Asian Highlands will be home to a species new to Cleveland: the mythical looking Sichuan takin.
With construction underway on Asian Highlands, Zoo animal care and veterinary teams are busy preparing for care of the species in the new habitat. Along with guest favorites red panda and snow leopard, Asian Highlands will be home to Amur leopard and a species new to Cleveland: Sichuan takin.
Takin are a species of goat-antelope native to the eastern Himalayas. With a stocky body, thick fur and stout horns, Sichuan takin are almost mythical in appearance; they can look like a mix between an ox, antelope and mountain goat. Their short, strong legs have large, two-toed hooves that allow them climbing strength and balance on rocky slopes.
Takin eat all kinds of vegetation - from bamboo leaves to the tough bark of alpine evergreens. They are able to stand on hind legs and prop against trees to reach leaves and branches at higher levels.
This will be the first time takin are in Cleveland, and they will be coming from The Wilds near Cumberland, Ohio. Before any animal departure or arrival, the Zoo’s animal care teams work with curators and keepers at other zoos to ensure a steady transfer of information that will help the animal adjust to a new location, diet and training.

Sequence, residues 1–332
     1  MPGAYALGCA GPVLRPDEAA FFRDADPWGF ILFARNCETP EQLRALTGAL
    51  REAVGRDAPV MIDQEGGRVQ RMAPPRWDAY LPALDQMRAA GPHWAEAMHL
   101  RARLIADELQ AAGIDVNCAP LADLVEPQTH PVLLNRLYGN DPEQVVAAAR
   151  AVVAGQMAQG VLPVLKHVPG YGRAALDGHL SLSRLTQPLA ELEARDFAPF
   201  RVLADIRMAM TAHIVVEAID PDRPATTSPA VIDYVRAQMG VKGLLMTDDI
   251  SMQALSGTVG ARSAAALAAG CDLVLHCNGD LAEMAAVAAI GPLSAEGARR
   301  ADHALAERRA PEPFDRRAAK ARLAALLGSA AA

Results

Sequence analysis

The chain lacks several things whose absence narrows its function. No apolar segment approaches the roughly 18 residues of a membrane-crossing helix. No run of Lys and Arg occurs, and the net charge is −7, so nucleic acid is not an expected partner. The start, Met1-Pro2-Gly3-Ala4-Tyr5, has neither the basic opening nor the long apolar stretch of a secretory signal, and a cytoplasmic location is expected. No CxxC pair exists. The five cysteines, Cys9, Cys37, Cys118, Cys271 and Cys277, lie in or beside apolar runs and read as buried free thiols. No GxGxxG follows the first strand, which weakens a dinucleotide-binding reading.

“We began planning with the help of the Wilds’ staff in early 2016. One of the first steps was to invite takin experts from the Wilds to Cleveland and discuss the number and gender of animals that would best fit our facilities,” said Animal Curator Travis Vineyard, who is in charge of the Wilderness Trek area of the Zoo.
“Our biggest emphasis was on having stout enough facilities to match the robust nature of takin. Members of the takin Species Survival Plan are now working to identify specific animals that are ideal for Cleveland, and by extension the whole population.”
In the wild, takin tend to inhabit the same dense bamboo forests as giant panda and therefore have benefited from the creation of nature reserves in China to protect the panda. The IUCN Red List currently indicates the species is “vulnerable” due to poaching − there are reports of hunters luring takin out of forests with salt licks − habitat loss and disturbance from tourism.
Connecting with wildlife in Cleveland − like Sichuan takin − will help underscore the importance of working to secure their future in the wild. The takin will arrive next year after the opening of Asian Highlands.
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